Does God have a specific task and calling for every believer in the local church? Yes! Yes! Yes! Beginning with Christ and His disciples and throughout the New Testament, God teaches believers that we were saved to serve. While the world has always despised serving others and promoted being served, the Bible teaches us the exact opposite. All those who follow Christ should be servants.
In many churches today, there is a dangerous philosophy that has crept in. It is the idea that the pastor and staff are paid to do all the serving. With this philosophy, soulwinning, cleaning, maintenance, vehicle repairs, lawn care, snow removal, hospitality, care for the hurting, widows and fatherless and much more is hired out to staff. The Bible says in Ephesian 4:11-12 that the very purpose of a pastor is to develop believers to serve in the church. “And he gave some, apostles; and some, prophets; and some, evangelists; and some, pastors and teachers; 12 For the perfecting of the saints, for the work of the ministry, for the edifying of the body of Christ:” (Ephesians 4:11–12) Yes, the pastor is to serve and one of the greatest ways he can serve believers is by developing them to serve. Certainly, a part of this development, is personally modeling a servant’s heart just like Jesus did for His disciples in John 13.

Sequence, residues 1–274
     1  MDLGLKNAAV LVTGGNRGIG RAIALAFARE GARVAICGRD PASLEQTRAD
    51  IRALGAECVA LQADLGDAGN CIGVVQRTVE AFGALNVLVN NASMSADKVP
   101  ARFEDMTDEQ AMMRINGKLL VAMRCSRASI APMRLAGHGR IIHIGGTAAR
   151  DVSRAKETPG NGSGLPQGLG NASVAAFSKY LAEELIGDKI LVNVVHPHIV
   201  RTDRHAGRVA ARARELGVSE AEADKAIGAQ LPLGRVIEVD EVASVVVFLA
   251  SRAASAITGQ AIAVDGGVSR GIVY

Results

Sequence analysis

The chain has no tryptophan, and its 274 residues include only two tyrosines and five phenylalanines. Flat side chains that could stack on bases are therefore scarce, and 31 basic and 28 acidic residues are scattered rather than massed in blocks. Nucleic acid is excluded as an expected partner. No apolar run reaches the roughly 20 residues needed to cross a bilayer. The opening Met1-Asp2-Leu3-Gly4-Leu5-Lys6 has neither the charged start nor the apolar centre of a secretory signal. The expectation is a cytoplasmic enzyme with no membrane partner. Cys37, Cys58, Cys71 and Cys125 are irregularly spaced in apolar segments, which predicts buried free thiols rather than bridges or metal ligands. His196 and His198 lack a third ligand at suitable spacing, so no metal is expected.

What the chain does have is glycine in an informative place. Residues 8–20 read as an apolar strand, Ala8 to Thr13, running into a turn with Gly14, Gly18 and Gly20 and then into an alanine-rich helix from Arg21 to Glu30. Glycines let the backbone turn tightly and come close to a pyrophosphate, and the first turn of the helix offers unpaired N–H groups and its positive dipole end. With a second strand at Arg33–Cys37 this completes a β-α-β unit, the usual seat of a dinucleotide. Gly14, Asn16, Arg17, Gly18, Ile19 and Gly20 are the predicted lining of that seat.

As a believer, don’t buy into this philosophy that you come to church to be served. You have a vital part in what God wants to do in your church and community. William McDonald aptly said, “Limitation of Christian service to a select class of men hinders the development of God’s people, stifles the cause of world evangelism, and stunts the growth of the church. The distinction between clergy and laity is unscriptural and perhaps the greatest single hindrance to the spread of the gospel.”
I encourage you that if you do not already have a place to serve in your church with your God-given gift, this Sunday, ask your pastor how you can serve. Don’t wait to be asked. Be eager to serve.